Class template

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Class template
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A class template defines a family of classes.



template < Template:sparam > Template:sparam


Template:sparam defines or declares a class (including struct and union), a member class or member enumeration type, a function or member function, a static data member of a class template, or a type alias. It may also define a template specialization. This page focuses on class templates.

Template:sparam is a non-empty comma-separated list of the template parameters, each of which is either non-type parameter, a type parameter, a template parameter, or a parameter pack of any of those. This page focuses on the parameters that are not parameter packs.

Non-type template parameter

Template:sparam Template:sparam (1)
Template:sparam Template:sparam = Template:sparam (2)
Template:sparam ... Template:sparam (3) (since C++11)
1) A non-type template parameter with an optional name
2) A non-type template parameter with an optional name and a default value
3) A non-type template parameter pack with an optional name

Template:sparam is one of the following types (optionally cv-qualified, the qualifiers are ignored)

  • integral type
  • enumeration
  • pointer to object or to function
  • lvalue reference to object or to function
  • pointer to member object or to member function
  • std::nullptr_t (since C++11)

Array and function types may be written in a template declaration, but they are automatically replaced by pointer to data and pointer to function as appropriate.

When the name of a non-type template parameter is used in an expression within the body of the class template, it is an unmodifiable prvalue unless its type was an lvalue reference type.

Type template parameter

typename Template:sparam (1)
class Template:sparam (2)
typename|class Template:sparam = Template:sparam (3)
typename|class ... Template:sparam (4) (since C++11)
1) A type template parameter with an optional name
2) Exactly the same as 1)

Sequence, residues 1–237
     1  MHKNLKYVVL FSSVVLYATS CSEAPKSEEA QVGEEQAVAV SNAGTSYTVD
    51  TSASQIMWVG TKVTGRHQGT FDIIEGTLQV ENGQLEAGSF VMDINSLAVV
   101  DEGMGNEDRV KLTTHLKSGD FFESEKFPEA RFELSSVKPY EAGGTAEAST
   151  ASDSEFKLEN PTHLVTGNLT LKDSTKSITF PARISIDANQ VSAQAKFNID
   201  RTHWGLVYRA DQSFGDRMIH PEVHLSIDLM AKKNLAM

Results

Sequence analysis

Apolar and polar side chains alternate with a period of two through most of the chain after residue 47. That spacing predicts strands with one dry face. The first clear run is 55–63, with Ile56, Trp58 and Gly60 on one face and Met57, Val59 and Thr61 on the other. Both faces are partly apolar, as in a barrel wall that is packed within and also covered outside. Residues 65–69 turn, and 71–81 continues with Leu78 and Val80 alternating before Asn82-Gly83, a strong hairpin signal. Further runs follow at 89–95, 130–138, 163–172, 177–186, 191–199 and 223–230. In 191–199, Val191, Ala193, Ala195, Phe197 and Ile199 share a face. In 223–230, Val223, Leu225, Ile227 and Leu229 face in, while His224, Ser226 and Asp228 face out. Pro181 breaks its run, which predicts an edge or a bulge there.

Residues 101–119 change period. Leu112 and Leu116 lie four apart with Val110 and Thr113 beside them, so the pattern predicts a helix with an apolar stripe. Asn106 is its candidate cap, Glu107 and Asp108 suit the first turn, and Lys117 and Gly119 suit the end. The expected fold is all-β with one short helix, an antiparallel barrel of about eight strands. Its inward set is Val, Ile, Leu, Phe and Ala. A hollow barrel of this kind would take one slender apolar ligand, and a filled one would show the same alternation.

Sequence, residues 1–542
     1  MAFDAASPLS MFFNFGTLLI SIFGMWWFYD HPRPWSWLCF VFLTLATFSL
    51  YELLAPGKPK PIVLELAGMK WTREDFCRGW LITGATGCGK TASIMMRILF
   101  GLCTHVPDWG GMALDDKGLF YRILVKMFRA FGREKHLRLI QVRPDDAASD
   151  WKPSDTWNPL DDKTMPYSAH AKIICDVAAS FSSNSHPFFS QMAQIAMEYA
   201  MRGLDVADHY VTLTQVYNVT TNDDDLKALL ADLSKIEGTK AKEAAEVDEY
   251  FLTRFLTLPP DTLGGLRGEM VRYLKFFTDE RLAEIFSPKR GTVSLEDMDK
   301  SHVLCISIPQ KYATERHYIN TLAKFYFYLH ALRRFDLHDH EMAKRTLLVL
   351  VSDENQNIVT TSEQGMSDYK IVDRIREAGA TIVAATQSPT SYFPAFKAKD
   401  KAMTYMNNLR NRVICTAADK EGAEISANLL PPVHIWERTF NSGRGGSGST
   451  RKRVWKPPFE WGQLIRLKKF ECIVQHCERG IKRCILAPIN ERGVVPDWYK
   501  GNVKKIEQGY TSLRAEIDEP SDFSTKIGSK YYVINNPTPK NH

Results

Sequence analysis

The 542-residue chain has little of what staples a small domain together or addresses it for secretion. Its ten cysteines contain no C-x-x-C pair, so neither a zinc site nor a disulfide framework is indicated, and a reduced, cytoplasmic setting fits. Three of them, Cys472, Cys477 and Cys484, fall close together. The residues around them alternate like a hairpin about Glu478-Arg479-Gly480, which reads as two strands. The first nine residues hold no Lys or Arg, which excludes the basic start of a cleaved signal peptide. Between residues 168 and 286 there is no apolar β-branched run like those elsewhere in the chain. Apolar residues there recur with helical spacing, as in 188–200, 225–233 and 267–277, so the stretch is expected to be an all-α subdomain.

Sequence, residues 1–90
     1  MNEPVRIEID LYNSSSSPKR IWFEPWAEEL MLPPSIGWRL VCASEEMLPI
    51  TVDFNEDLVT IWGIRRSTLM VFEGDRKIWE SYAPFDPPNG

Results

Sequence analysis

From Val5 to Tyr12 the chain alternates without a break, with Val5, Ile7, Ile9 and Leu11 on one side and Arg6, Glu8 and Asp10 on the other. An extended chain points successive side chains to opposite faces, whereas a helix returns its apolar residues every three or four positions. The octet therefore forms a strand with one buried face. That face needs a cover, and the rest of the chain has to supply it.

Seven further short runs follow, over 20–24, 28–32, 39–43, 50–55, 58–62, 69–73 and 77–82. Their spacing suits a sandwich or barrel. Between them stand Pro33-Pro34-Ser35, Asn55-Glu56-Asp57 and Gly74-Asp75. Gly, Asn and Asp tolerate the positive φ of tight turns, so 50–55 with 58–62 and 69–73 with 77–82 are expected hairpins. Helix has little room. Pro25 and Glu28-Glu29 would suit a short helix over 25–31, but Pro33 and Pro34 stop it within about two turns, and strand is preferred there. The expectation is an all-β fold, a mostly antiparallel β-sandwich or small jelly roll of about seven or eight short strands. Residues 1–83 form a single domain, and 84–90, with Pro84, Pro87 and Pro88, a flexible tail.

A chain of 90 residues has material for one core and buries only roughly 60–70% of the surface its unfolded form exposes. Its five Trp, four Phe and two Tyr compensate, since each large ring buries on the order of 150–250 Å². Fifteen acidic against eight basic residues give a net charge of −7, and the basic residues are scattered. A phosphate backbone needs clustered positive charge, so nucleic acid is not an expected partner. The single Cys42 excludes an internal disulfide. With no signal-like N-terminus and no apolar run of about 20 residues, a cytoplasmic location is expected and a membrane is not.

3) A type template parameter with an optional name and a default
5) A type template parameter pack with an optional name

Template template parameter

template < Template:sparam > Template:sparam (1)
template < Template:sparam > Template:sparam = Template:sparam (2)
template < Template:sparam > ... Template:sparam (3) (since C++11)
1) A template template parameter with an optional name
2) A template template parameter with an optional name and a default
3) A template template parameter pack with an optional name

Class template instantiation

A class template by itself is not a type, or an object, or any other entity. No code is generated from a source file that contains only template definitions. In order for any code to appear, a template must be instantiated: the template arguments must be provided so that the compiler can generate an actual class (or function, from a function template).

Explicit instantiation

template Template:sparam Template:sparam < Template:sparam > ; (1)
extern template Template:sparam Template:sparam < Template:sparam > ; (2) (since C++11)
1) Explicit instantiation definition
2) Explicit instantiation declaration

An explicit instantiation definition forces instantiation of the class, struct, or union they refer to. It may appear in the program anywhere after the template definition, and for a given argument-list, is only allowed to appear once in the program.